“Oh, go to Hell,” Claudia spits, pulling her mini-Tesla from of her front pocket. Jane jolts, expecting Claudia to fire at her. Instead, Claudia throws the weapon to the ground at Jane’s feet before climbing into the car and roughly pulling the door shut.

Jane watches as Claudia pulls into traffic and speeds away. She collects herself, regains her composure, sighs and opens the Farnsworth. “We have a problem. The situation has escalated. Ms. Donovan was less than cooperative. Do whatever is in your power to delay the transfer.”



Pete shoves himself away from the table and stands. “So that’s it? We just let Claudia take off to God knows where and we don’t go after her?”

Myka speaks calmly, “Pete, she’s in mourning and we have to let her deal with this her own way and in her own time.”

“I’m not saying that we should forcibly bring her back here, but we can’t not keep an eye on her.” He looks to Artie. “Can we?”

Artie adjusts his glasses, carefully measuring his words. “Our orders are to let the Regents handle the situation and apparently they have a plan. Oh, and a timetable. It seems that they always do.”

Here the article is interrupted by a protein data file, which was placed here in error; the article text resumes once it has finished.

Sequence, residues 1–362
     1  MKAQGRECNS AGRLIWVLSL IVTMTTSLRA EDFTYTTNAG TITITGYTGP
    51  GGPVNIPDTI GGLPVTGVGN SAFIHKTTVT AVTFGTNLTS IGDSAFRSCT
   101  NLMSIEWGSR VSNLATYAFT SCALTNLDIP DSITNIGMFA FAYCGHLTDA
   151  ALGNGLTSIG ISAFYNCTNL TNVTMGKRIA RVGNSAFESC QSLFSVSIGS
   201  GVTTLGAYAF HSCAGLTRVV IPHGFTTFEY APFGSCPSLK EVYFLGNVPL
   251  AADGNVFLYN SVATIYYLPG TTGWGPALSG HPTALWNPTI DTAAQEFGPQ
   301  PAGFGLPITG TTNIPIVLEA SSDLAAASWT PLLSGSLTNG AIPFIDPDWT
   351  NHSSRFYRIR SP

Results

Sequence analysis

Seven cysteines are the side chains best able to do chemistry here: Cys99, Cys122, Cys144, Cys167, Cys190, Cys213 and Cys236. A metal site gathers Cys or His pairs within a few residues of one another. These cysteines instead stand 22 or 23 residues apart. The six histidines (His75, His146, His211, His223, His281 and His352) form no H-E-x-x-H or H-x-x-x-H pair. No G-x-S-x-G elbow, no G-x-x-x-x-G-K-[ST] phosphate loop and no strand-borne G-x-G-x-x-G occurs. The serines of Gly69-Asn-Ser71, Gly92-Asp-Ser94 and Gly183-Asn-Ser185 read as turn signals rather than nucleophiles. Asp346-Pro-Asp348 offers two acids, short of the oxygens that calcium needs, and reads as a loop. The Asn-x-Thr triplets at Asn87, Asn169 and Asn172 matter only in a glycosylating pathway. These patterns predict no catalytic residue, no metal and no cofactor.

“The Regents are going to handle it? What are they going to do except upset her even more?”


“Artie, you know—”

“Agent Lattimer,” Mrs. Frederic begins, appearing out of nowhere, still looking a little worse for wear since her and the Warehouse’s recent resurrections, but her voice and presence still carry the same power and intimidation as before. “You are under no circumstances to initiate contact with Ms. Donovan. You are not to search for her, and you will not disobey these orders. Is that clear?”